Last updated: July 13, 2022
Imagine yourself as a researcher hired by a company that sponsored a research. You show up 10 minutes early at the venue and soon, your interviewee arrives. The interview is about to begin but then you realize that an equipment you would use is missing – it could be a pen, source materials, audio recorder, or worse, you forgot everything! In order to avoid such mishaps, it’s always best to plan ahead and prepare everything.
Here are some useful ways or tools that an interviewer must prepare before, during, and after conducting interviews.
Scheduling and Coordinating the Interview
Tools to use: Google Calendar, mobile reminders, planner, organizers
First and foremost, the interviewer and the interviewee should agree to set an appointment when and where the interview would take place. The arrangement should be organized days before the actual meeting so both parties are comfortable and can allot the time to accommodate the event. Coordination is very vital in this stage for the interview. Proper communication between both parties should be observed.
If the interviewer plans to meet several parties to interview and the activity will be a whole day affair, then fatigue or exhaustion may come into play. Therefore, strategic planning for this type of scenario is advisable so one could assess beforehand how many subjects they can oblige during a day and the others could be scheduled some other time. If at any event one party decides to cancel, they should inform the other party immediately, so re-scheduling (or cancellations) can be done right away. Arranging the appointment through useful tools such as Google Calendar, setting a reminder on your mobile, or by simply just jotting it down on a traditional planner are effective ways to make sure the interview would never be missed.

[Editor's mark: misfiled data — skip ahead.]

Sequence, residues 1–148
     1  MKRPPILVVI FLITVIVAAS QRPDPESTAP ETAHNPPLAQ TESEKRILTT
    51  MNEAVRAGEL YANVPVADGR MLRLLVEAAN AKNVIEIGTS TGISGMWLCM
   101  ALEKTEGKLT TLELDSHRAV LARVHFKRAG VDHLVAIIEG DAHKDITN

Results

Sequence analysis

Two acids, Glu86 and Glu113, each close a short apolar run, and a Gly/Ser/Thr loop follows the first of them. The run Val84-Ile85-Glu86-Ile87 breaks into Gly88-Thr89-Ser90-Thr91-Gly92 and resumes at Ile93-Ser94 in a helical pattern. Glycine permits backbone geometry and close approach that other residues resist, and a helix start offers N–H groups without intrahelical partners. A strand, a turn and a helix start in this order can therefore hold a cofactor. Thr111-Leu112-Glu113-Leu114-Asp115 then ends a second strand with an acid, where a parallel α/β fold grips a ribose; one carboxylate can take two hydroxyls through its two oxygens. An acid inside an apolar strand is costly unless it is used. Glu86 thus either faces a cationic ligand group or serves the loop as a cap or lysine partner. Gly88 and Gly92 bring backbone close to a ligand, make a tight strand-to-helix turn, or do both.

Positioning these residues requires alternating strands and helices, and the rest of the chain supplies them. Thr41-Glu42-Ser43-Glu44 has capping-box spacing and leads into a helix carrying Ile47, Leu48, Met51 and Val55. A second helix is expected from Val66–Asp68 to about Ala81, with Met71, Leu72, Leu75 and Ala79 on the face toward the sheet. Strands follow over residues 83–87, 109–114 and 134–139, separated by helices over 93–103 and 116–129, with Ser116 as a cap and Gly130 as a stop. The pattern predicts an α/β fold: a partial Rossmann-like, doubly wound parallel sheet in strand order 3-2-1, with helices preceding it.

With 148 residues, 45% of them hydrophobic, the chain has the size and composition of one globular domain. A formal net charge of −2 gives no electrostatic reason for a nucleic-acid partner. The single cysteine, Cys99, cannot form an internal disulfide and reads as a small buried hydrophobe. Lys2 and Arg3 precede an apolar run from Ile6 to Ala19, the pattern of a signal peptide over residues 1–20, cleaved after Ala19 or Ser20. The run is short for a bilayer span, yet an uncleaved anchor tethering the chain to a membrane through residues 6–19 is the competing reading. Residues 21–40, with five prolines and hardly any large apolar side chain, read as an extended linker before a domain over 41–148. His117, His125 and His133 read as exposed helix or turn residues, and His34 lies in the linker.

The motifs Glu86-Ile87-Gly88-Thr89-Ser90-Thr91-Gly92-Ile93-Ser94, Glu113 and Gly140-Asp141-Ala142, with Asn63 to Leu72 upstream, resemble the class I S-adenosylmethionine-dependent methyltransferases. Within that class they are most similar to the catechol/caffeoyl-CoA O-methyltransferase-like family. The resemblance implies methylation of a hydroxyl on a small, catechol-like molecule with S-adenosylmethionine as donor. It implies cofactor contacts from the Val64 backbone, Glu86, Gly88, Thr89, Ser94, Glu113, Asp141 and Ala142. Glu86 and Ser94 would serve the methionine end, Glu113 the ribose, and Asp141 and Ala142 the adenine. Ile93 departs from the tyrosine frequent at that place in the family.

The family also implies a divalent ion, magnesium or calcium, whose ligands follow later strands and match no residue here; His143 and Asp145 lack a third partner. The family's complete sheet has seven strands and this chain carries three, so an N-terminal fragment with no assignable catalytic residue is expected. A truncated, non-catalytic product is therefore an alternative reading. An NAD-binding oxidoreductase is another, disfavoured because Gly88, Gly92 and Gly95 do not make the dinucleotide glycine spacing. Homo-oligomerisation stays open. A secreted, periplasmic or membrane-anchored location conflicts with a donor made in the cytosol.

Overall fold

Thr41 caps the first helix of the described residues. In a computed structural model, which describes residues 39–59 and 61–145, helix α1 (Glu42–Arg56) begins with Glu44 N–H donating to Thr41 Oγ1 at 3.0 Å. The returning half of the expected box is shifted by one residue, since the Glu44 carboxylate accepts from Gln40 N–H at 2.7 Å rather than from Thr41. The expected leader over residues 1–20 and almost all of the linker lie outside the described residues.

Conducting the Interview
Tools to use: audio or video recorders, microphone, pen and paper, source/research materials
Once the appointment has been arranged and both parties have finally met, it’s now time to conduct the interview. What better way to communicate nicely with one another during the session is by having it done in a setting where noise is very limited – not exactly very quiet, but at least a place where both the interviewer and the interviewee/s would be able to hear and understand each other very well. The exchange of thoughts and ideas would become smooth and effective if distractions were limited.
Preparing the questions beforehand would also be ideal. For job interviews, it’s best advised if you already know what you’re looking for in a candidate, so asking the right questions that are pivotal to the role they are applying for would be utilized. Open-ended questions are also important so the applicant’s answers could be expanded. Lastly, setting a calm and stress-free environment could also be an effective way in order to get the best answers from respondents. Offering a glass of water, explaining what types of questions are about to be expected, and just being friendly and casual all throughout would lessen the anxiety felt by the respondents and rapport would be established.
Recording the Interview
Tools to use: audio or video recorders, microphone, pen and paper, source/research materials, using FTP or cloud storage sites
Some interviewers opt to have their interviews recorded rather than take copious notes. Although recording an interview is not mandatory, the real essence of why some do is that they can capture data from the interview as accurate as possible. This also allows interviewers, researchers, or moderators engage and focus better on the respondents and their answers and not get distracted while writing notes. Market research interviewers typically like their sessions recorded so they can go back and re-listen to the things mentioned by their subjects while they analyze and document them for reporting. In this case, it is very effective for an interviewer to have an access to a room with very minimal to almost zero background noise so everything can be taped clearly for more effective use.